Blogs - Summit Semester
November 07, 2008
Well, we only got three weeks left here at Summit Semester (you've probably heard that exact same line since the first blog...but a different number). It truly is hard to believe that we were all strangers to each other two months ago. We've all come to know each other so well.
Time does fly when you are having fun and a strict schedule. My alarm goes off at 7:58am every week day. My roommate and I fall out of bed and throw some water on our faces so we can see straight to crawl out for breakfast at 8:00 (we have that procedure down to a science by now). After breakfast we then have a morning prayer (usually as preparation for the mental whippings we so commonly receive in Bauman's classes), and then it's off to our three hours of classes on politics, theology, and English literature.
In politics, we've been discussing/debating the topic of public education. Whose job is it? Why isn't it working well? Is education even a right that the government should protect for all people? These are all questions that we've been trying to answer in and out of class. In theology this week, the topic of study has been the life and beliefs of theologians just prior to and during the early stages of the Renaissance, such as: John Wycliffe, John Huss, Francisco Petrarch, Sir Thomas More, and Erasmus. It's amazing to see just how grounded in their "radical" beliefs those church fathers were for the sake of "reforming" the Catholic faith of their time. And finally, in English Literature, we've been studying John Milton's "Paradise Lost" and multiple works of Thomas Gray. I had heard of "Paradise Lost" before, but I didn't give Milton nearly the respect he deserved for his work. Milton wrote his 11,000 line poem about the fall of Satan and man while being blind. Milton's skill of imagery makes you feel like you're falling through CHAOS with Satan all the way down to hell, or in heaven witnessing the Son volunteering to save humanity from its eventual fall. Thomas Gray, on the other hand, is not nearly as well known as Milton, but we've all quoted Gray at some point. "Where ignorance is bliss, 'tis folly to be wise."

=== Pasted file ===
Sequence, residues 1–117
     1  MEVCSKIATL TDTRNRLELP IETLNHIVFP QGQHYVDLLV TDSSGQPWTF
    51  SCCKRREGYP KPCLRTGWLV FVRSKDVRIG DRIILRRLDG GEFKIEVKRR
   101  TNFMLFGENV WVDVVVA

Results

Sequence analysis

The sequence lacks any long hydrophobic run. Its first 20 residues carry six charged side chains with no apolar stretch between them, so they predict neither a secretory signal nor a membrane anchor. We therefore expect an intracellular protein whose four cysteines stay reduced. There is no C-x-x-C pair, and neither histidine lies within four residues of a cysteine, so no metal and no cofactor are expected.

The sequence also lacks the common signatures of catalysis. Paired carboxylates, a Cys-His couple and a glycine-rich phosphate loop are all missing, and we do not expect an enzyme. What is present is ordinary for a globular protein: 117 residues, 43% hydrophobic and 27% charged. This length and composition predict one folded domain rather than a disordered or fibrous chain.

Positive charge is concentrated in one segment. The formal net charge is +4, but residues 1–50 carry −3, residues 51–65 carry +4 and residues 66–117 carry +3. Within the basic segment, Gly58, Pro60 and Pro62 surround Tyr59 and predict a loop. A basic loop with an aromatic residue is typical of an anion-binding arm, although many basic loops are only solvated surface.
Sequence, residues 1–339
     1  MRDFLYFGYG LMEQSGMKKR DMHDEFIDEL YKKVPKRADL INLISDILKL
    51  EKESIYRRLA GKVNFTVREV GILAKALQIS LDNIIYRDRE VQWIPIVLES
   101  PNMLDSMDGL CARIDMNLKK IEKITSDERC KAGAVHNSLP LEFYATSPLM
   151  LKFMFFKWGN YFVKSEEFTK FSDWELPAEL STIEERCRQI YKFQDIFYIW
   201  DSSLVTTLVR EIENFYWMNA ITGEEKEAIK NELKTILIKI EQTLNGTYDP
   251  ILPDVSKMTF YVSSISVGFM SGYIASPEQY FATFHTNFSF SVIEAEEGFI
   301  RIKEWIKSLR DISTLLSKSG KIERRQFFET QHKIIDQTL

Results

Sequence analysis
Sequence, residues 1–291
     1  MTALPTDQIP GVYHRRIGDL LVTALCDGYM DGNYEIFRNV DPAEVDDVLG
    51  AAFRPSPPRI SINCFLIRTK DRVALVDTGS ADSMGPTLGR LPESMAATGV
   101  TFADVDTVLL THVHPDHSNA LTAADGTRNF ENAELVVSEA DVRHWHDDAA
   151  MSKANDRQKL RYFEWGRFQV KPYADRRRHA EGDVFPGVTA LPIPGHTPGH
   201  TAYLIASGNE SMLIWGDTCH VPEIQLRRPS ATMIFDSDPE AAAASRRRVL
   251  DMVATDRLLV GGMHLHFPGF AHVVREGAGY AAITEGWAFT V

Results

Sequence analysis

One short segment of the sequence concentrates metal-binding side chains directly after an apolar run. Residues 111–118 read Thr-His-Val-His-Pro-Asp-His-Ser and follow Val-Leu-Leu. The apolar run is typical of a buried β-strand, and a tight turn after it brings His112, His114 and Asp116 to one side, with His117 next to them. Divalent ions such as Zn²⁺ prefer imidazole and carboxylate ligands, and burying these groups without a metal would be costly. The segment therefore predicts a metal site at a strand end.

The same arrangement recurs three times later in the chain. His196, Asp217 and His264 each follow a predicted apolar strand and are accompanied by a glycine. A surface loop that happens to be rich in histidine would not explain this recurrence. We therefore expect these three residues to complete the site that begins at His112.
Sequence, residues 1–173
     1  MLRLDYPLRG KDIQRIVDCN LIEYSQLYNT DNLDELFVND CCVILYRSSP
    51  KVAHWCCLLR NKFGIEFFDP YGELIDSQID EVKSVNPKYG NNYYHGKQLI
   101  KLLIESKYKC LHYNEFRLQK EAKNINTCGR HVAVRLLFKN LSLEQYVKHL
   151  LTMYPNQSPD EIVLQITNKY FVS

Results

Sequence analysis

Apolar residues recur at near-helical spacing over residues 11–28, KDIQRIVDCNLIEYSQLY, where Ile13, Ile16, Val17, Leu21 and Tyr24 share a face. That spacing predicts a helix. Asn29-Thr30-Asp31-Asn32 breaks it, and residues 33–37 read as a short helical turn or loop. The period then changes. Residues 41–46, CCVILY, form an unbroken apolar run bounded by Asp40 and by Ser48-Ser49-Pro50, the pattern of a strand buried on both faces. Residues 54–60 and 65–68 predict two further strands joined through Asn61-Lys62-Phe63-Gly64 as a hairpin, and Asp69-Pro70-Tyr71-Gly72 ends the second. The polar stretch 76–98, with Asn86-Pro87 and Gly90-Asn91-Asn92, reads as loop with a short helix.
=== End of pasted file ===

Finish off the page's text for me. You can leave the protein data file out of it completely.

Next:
But, as I'm sure you all know, it's not just work up here. The other weekend a group of six guys (including myself), hit up Durango for a day of amazing pizza, thrift book stores, and serious relaxation. But no matter where we go, we can't seem to get away from things we're learning either in class or in small groups. During our last small group meeting before that weekend, a testimony was given on the frailty of life. On our drive home from Durango we received a "crash course" in that concept. About 200 yards directly in front of our vehicle, we witnessed a garbage truck hit another car head on. The garbage truck flipped, but the driver was fine. The other car and driver were not in the same condition. The engine of the car was where the dashboard should have been, and the dashboard was pinning the driver against his seat and he couldn't move. There was not a lot we could do but call 911 and talk to the driver. That wreck all too well brought home the "frailty of life" concept. We don't know when our time is up in this world. We need to live every day with the intensity like it's our last, and make a difference in our own milieu ("word of the day"- compliments of Mandy).
It's Friday today finally, and the mood is "barely restrained excitement" right now at four in the afternoon (but that all changes after dinner). We are getting ready for a nice pizza dinner, prepared by our awesome cooks, and then its nonstop action and excitement till we pass out from exhaustion (parents, if you are wondering that's usually around 9 or 10 in the evening around here...honestly). Be praying that we have the stamina to stay focused on our classes these last few weeks.